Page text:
Lenchita's: Corn Star
For some people, discussions of Lenchita’s begin with the massive weekend lines: Pacoima’s minivan set, Dodger-lidded four-generation families, hot CSUN kids out for a Saturday-morning bowl of albondigas — a vague, undifferentiated mass that somehow regiments itself by the time it squeezes through the restaurant’s glass doors. Lenchita’s is always mentioned when people talk about L.A.’s best tamales, and its owner, Angelita Alvarez Renteria, has been a community fixture since Lenchita’s opened in the late 1970s. There probably hasn’t been a Pacoima kid in 25 years who didn’t grow up with a Lenchita’s quesadilla in one fist, a sticky cup of Betadine-colored pineapple drink in the other. It’s not beautiful, but it’s home.
But even before you move your way up to the front of the self-regulating queue, nudged in the direction of an empty table by a regular when it mysteriously becomes your turn, and are attended to by a waitress eager for you to choose something from the giant painted menus on the walls, you will probably discover the reason you have been waiting for 45 minutes on a 100-degree afternoon — Lenchita’s corps of tortilla makers, pat-pat-patting away; sturdy, beautiful women with forearms like Popeye’s, amazons who pluck dough from mountains of masa, work it between their hands like Swedish masseurs and fling the finished disks onto a superheated griddle, where they sizzle and crisp and bake into burnished, pliable, char-spotted works of art. You may have tasted better tortillas in Southern California, but I suspect somebody’s mother was involved.
You should probably consider Lenchita’s combination platters, not just tacos and chiles rellenos and tamales, but also grandmother-style stews plopped onto a plate with rice and beans, informal tastes of plain, second-generation Mexican home cooking served with big stacks of freshly made tortillas. The unorthodox chile verde is made with chewy strips of smoky grilled meat simmered in a thin, spicy, salty broth enriched with puréed green chiles; the carne en salsa de molcajete is more or less the same meat drenched in a broth flavored with pulpy red chiles pounded in a stone mortar — both of them perhaps less complete dishes on their own than elaborate sauces meant to be scooped up with a toasty scrap of those tortillas. Carne asada — tough, salty slices of grilled steak that nonetheless have a developed beef flavor — is good with the pico de gallo mounded in a little bowl on the table.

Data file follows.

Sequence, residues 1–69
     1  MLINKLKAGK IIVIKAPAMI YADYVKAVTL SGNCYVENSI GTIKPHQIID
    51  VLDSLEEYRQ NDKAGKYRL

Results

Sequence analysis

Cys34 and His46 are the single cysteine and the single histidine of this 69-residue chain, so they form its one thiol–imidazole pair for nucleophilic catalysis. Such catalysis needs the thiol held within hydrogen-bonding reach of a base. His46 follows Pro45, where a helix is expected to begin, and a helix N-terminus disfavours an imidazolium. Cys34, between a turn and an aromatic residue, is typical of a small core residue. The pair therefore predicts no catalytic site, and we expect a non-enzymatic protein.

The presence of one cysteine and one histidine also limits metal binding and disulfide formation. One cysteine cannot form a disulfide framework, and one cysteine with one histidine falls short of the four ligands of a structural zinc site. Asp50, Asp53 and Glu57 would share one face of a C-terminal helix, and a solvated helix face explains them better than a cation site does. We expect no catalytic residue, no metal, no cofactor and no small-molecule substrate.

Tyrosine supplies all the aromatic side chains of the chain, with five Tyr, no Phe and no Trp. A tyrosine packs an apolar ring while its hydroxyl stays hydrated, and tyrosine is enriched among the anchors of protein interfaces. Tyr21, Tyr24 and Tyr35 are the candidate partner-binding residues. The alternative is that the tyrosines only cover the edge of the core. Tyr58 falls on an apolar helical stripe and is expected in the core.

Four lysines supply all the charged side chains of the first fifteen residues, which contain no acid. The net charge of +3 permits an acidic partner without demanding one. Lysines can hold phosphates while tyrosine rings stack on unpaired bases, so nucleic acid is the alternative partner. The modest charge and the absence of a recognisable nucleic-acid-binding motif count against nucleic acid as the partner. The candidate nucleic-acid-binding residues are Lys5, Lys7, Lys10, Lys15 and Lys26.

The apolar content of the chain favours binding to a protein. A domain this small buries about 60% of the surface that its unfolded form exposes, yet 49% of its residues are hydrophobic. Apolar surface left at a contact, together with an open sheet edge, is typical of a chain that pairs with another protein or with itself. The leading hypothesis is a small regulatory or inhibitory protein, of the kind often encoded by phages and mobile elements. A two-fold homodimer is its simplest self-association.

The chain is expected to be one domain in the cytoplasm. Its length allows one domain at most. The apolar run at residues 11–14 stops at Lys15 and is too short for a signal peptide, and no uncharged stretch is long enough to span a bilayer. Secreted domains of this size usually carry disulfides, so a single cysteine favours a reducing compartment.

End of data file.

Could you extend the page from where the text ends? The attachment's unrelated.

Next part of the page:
You will find most of the usual antojitos at Lenchita’s, snacks based on the kitchen’s handmade masa — dryish gorditas, vaguely similar to rounds of Mexican pita, split and filled; rudimentary tacos so big you can barely get them into your mouth; and simple quesadillas stuffed with melted cheese. The sopes are especially nice, fried saucers of the corn dough with a substantial crunch and the delicate taste of hot oil and corn, heaped with lettuce, meat and cheese. The soups are good too, also quite plain but among the best of their kind in Los Angeles: rich chicken soup, a chile-laced beef soup called picadillo, and a minty broth barely concealing a lode of enormous albondigas — loose, delicious meatballs flavored with onions and herbs that dissolve in a gush of liquid in your mouth. And if you’re into that sort of thing, Lenchita’s mild menudo, tripe soup, is pretty wonderful too, bits of tripe with the luscious texture of melted cheese, a chile-red brew tasting of clean tripiness and corn, and a marked absence of the barnyard stench that some people take as authentic, but I tend to interpret as a sign of tripe that hasn’t been cleaned quite well enough.
After lunch, you should probably grab some tortillas to go. At $2.40 a dozen, they are among the great takeout bargains in the San Fernando Valley, and they are good enough that you will probably finish most of them before you even get to the freeway.
Lenchita’s, 13612 Van Nuys Blvd., Pacoima, (818) 899-2623. Open daily 6 a.m.–8 p.m. No alcohol. Lot parking. Cash only. Lunch for two, food only, $9–$15. Recommended dishes: tortillas, sopes, menudo.
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